By that I do not mean presenting myself as straight, though I am gay, because I’m pretty sure no one perceives that I am gay by my looking at me. I mean not rasising my hand, speaking up, or saying something when I’m called on in an AA meeting.
When I was new, I was instructed to say something at every discussion meeting I went to, and I pretty much did. The AA lifestyle was hard for me because I am naturally introverted. I don’t like to be the center of attention, and I don’t like to ask (by speaking) a whole room full of people to focus on me for any amount of time. I believe it was right and completely necessary to speak as much as possible at first – for me. There is the other type of newcomer, the one who can’t be quiet, and for that person, listening would be the number one skill to cultivate.
As time has gone by, and especially over the last ten years or so, it has been my custom to pass and not volunteer. I have felt justified (so of course I was wrong) in that I’m not in unusual (for me) danger of drinking. It’s OK to be quiet and introverted. The new people need the time more than I do. It’s just the way I am and want to be. At my regular meetings where people know me, they often comment if I do talk during a meeting, because it is so rare.
In my new thinking about this, I’ve come to believe it is wrong, for several reasons. It’s giving me an incomplete program, because sharing at meetings is a big part of the program. It does not give whatever good I have to give. I have stayed sober for a long time, and I should share whatever I can articulate about that success to help others. I need to be an example and represent long term sobriety. When I’m at a meeting, and I have the most time in the room, I am proof of the fact that it works over the long term. Well, I’m that even without having the most time.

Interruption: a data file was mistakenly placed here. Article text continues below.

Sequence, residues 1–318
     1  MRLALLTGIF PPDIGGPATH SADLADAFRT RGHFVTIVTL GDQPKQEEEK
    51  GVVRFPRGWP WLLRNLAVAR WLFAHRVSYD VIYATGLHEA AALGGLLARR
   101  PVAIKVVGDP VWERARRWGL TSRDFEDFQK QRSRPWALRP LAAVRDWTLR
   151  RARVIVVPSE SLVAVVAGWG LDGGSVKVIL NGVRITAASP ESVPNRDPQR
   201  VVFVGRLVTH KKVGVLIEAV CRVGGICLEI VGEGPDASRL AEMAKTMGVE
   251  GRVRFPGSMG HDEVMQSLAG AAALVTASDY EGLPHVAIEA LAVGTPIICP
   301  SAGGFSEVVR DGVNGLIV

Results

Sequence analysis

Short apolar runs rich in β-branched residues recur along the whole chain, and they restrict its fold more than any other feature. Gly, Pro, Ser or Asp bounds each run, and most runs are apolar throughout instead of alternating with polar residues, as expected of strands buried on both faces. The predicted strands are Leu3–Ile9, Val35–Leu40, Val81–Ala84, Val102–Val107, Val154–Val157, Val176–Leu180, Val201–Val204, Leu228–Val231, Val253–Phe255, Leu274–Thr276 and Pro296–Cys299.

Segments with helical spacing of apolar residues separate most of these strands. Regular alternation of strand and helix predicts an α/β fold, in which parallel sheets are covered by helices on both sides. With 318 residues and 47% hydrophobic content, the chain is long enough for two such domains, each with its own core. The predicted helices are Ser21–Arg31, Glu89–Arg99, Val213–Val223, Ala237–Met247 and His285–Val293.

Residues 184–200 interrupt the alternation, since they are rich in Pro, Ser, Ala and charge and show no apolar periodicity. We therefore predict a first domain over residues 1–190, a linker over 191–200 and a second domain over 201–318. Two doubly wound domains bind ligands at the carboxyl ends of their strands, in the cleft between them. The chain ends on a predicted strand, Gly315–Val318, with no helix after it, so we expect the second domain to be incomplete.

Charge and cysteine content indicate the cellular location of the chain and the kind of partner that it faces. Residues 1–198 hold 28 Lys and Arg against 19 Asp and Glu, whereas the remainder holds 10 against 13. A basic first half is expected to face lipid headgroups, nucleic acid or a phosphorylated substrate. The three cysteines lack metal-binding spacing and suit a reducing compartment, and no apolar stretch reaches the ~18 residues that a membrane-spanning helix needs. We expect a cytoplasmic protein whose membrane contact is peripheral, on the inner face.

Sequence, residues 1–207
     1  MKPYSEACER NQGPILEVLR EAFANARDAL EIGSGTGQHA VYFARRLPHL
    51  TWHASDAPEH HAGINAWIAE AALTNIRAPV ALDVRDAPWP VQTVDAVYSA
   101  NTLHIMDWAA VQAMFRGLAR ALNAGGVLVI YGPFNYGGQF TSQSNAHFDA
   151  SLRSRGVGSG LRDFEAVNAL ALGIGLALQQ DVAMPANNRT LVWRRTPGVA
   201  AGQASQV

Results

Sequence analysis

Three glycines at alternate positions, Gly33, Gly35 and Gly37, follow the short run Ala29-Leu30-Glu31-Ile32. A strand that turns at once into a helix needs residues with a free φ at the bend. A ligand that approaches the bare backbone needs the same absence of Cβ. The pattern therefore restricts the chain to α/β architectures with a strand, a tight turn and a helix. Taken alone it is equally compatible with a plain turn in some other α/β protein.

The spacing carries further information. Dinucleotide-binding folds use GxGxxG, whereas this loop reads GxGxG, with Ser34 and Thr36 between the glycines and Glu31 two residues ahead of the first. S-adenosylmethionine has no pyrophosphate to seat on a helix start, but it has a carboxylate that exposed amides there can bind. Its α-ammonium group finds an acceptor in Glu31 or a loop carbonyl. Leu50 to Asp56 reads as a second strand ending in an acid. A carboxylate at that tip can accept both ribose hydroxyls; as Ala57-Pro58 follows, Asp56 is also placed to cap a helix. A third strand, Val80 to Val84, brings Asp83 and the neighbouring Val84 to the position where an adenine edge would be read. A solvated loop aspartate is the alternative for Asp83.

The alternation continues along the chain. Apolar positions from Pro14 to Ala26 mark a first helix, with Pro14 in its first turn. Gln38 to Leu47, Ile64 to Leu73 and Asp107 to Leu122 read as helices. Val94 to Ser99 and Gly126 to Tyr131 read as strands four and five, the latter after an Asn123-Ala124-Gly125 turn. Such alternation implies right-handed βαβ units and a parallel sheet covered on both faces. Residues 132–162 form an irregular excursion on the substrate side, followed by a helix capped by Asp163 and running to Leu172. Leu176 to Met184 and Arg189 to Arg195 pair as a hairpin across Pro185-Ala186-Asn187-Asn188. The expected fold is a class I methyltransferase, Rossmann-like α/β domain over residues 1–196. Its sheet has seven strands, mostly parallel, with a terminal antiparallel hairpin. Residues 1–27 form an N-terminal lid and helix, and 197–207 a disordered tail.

It is good for my ego to talk. I have the uncomfortable feeling that people think I’m new – I do give off that vibe by shyness. I don’t like it that when I say something, it is often being received as coming from a newcomer. Why not? Because of my ego.
Which leads me to the hardest part to write about. There are two characteristics of oldtimers that I don’t like, that I judge unfavorably. One is the person who has to mention his or her time again and again, just to make sure no one misses it. I don’t want to be perceived as doing that. The other is the oldtimer who is just too special to share. When he or she is going through a tough time, this person doesn’t talk about it at meetings because they have known some of those people for so long. They don’t want to show weakness, or they don’t want people to know the yuckiness of their current situation.
I am so uncomfortable with judging these behaviors that I don’t want to post them. I understand that I am the one who is wrong here. Wrong in the judging and wrong in the passing. Because I still don’t like to share, I notice that as my turn is coming around, my heart starts to pound. After all these years, it may never stop, so I’ve got to go on anyway. I still don’t raise my hand or worse – just speak up (I hate that kind of meeting format), but I haven’t passed for a long time when I’m called on, and I am trying hard not to.